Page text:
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Microbiome Influences Brain’s Immune Cells in a Sex and Age-dependent manner

Press release | 21 Dec 2017 - 18h00 | By INSERM PRESS OFFICE
Cell biology, development and evolution

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A joint study conducted by Inserm researchers from IBENS (Institute of Biology of the Ecole Normale Supérieure – Inserm/CNRS/ENS) in Paris and researchers from SIgN (Singapore Immunology Network, A*STAR) in Singapore reveals a hitherto undiscovered impact of microbiota on immune brain cells, occurring from fetal stages. These cells, called microglia, which are known players in brain development and functioning, differentially respond to microbiome perturbations in male or female mice. These results are published in Cell.

Microglia are immune cells that respond to traumatic injury or inflammatory signals to protect the brain, acting as sensors of various environmental signals. In addition to their role as immune sentinels, microglia have also been show to regulate several steps of brain wiring and functioning. Consistently, microglia dysfunction has been linked with the etiology of several neurodegenerative diseases and neurodevelopmental disorders, including Schizophrenia or Autism Spectrum Disorders. Microglia therefore play major roles in brain circuits and could constitute an entry point for environmental signals.

To test this hypothesis, Morgane Thion and Sonia Garel, Inserm researchers, together with their associates, used a multidisciplinary approach involving germ-free mice, which lack all the microbiome, and adult mice treated with antibiotics, which acutely destroys the gut flora. Through a combination of global genomic analyses and histological studies, researchers have shown that microglia are profoundly affected by microbiota disruption, already from prenatal stages. Strikingly, the impact of the microbiome on microglia depended on the sexual identity and the age: microglia of males were perturbed prenatally whereas those of females were affected in adulthood. This surprising sexual dimorphism echoes the fact that many neurodevelopmental disorders have a higher incidence in men, whereas autoimmune diseases are more prevalent in women.

While the underlying mechanisms and consequences remain to be discovered, this study reveals a key role of microglia at the brain/environment interface and shows that males and females have distinct susceptibilities time windows to microbiome alterations. For the authors, these elements should be systematically taken into consideration at preclinical and clinical level.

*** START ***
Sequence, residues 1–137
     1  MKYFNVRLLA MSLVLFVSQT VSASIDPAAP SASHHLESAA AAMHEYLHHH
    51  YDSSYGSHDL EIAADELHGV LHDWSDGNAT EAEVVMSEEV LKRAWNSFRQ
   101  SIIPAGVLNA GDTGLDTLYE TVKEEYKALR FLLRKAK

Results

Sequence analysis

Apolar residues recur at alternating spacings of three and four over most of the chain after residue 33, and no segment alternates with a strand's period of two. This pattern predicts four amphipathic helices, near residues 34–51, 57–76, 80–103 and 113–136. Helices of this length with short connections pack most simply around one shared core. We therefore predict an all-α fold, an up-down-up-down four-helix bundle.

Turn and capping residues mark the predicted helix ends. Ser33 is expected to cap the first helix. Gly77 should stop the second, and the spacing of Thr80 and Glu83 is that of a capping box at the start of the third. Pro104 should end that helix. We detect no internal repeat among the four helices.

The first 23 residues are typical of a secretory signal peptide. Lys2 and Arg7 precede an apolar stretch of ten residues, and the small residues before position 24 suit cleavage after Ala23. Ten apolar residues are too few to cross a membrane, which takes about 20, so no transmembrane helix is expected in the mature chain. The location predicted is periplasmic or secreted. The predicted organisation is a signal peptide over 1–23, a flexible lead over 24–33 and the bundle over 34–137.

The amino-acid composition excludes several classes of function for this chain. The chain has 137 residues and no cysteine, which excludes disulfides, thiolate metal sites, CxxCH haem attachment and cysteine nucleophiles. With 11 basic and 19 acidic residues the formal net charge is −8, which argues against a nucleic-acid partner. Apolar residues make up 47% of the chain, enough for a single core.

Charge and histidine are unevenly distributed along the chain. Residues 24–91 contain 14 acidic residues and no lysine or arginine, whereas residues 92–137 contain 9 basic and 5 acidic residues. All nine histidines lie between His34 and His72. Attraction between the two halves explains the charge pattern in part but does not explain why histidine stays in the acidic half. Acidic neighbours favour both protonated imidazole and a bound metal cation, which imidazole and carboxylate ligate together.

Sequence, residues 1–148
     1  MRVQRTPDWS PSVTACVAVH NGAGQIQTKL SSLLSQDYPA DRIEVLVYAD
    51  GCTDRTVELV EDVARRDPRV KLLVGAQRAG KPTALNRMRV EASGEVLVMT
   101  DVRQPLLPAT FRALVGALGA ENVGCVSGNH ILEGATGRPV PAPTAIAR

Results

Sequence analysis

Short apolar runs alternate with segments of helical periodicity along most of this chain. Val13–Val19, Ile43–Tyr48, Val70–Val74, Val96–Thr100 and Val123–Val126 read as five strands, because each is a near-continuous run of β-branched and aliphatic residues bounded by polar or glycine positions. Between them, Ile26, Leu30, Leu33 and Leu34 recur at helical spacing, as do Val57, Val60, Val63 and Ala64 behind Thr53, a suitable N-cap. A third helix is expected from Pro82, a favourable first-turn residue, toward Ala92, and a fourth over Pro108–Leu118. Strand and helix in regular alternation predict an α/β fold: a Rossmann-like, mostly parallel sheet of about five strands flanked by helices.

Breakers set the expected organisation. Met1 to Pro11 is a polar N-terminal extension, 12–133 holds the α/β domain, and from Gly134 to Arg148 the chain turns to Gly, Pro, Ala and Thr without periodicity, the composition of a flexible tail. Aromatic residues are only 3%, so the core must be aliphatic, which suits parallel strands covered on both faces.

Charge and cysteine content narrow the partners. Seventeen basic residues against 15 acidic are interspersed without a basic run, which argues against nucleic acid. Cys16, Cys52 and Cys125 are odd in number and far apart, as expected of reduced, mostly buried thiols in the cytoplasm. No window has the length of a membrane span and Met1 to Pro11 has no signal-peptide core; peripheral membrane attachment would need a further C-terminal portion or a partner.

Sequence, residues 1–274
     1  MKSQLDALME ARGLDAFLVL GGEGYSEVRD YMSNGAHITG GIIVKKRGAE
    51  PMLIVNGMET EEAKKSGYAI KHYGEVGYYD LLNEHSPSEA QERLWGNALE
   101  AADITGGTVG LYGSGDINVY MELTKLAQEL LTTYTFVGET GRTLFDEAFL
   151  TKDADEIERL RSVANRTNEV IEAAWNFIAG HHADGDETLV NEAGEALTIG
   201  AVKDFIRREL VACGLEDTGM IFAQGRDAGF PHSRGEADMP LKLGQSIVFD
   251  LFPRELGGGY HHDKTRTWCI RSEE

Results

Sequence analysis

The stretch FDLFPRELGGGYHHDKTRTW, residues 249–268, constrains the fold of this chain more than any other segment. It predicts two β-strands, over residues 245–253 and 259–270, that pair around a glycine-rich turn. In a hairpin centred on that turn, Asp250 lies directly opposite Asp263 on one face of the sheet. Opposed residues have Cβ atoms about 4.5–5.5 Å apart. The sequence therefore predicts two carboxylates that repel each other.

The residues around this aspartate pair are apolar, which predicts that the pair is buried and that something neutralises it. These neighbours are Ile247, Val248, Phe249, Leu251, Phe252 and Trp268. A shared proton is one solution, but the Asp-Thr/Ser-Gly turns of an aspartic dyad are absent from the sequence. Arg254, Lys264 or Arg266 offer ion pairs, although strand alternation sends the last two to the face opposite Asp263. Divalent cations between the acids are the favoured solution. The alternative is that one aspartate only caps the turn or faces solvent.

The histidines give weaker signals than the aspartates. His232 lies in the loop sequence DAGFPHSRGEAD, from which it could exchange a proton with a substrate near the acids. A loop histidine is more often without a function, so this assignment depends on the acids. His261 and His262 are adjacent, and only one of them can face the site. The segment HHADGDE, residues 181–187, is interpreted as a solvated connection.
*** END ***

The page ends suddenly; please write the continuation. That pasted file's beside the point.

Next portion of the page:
TO CITE THIS POST :
Press release – Inserm press room Microbiome Influences Brain’s Immune Cells in a Sex and Age-dependent manner Link : https://presse.inserm.fr/en/microbiome-influences-brains-immune-cells-in-a-sex-and-age-dependent-manner/30271/
Medias
Researcher Contact

Sonia Garel

Directrice de recherche Inserm

Institut de biologie de l’Ecole normale supérieure (IBENS), Ecole Normale Supérieure, Paris

Tel : 06 33 49 48 14

Mel : garel@biologie.ens.fr

Press Contact

presse-web@inserm.fr

Sources

Microbiome influences prenatal and adult microglia in a sex-specific manner

 

Morgane Sonia Thion1,15, Donovan Low2,15, Aymeric Silvin2,16, Jinmiao Chen2,16, Pauline

Grisel1,16, Jonas Schulte-Schrepping3, Ronnie Blecher4, Thomas Ulas3, Paola Squarzoni1, Guillaume Hoeffel2, Fanny Coulpier1, Eleni Siopi5, Friederike Sophie David3,Claus Scholz3, Foo Shihui2, Josephine Lum2, Arlaine Anne Amoyo6, Anis Larbi2, Michael Poidinger2, Anne Buttgereit7, Pierre-Marie Lledo5, Melanie Greter7, Jerry Kok Yen Chan8,9, Ido Amit4, Marc Beyer3,10, Joachim Ludwig Schultze3,11, Andreas Schlitzer2,12,Sven Pettersson11,14, Florent Ginhoux2,17,18,*, Sonia Garel1,17,*

 

1Institut de Biologie de l’Ecole normale supérieure (IBENS), Ecole Normale Supérieure, CNRS, INSERM, PSL

Research University, 75005 Paris, France

2Singapore Immunology Network, Agency for Science, Technology and Research, Singapore, 138648, Singapore

3Genomics and Immunoregulation, Life and Medical Sciences (LIMES) Institute, University of Bonn, 53115 Bonn,

Germany

4Department of Immunology, Weizmann Institute of Science, 76100 Rehovot, Israel

5Institut Pasteur, Unité Perception et Mémoire, CNRS, UMR 3571, F-75015 Paris, France

6National Cancer Centre, Singapore, 169610, Singapore

7Institute of Experimental Immunology, University of Zurich, 8057 Zurich, Switzerland

8Department of Reproductive Medicine, KK Women’s and Children’s Hospital, Singapore, 229899, Singapore

9KK Research Centre, KK Women’s and Children’s Hospital, 100 Bukit Timah Road, Singapore, 229899, Singapore

10Molecular Immunology in Neurodegeneration, German Center for Neurodegenerative Diseases (DZNE), 53127

Bonn, Germany

11Platform of Single Cell Genomics and Epigenomics at the German Center for Neurodegenerative Diseases and

the University of Bonn, 53175 Bonn, Germany

12Myeloid Cell Biology, LIMES-Institute, University of Bonn, 53115 Bonn, Germany

13Lee Kong Chian School of Medicine and School of Biological Sciences, Nanyang Technological University,

Singapore, 639798, Singapore

14Department of Microbiology, Tumor and Cell Biology, Karolinska Institute, Stockholm, 17165, Sweden

Cell, https://doi.org/10.1016/j.cell.2017.11.042

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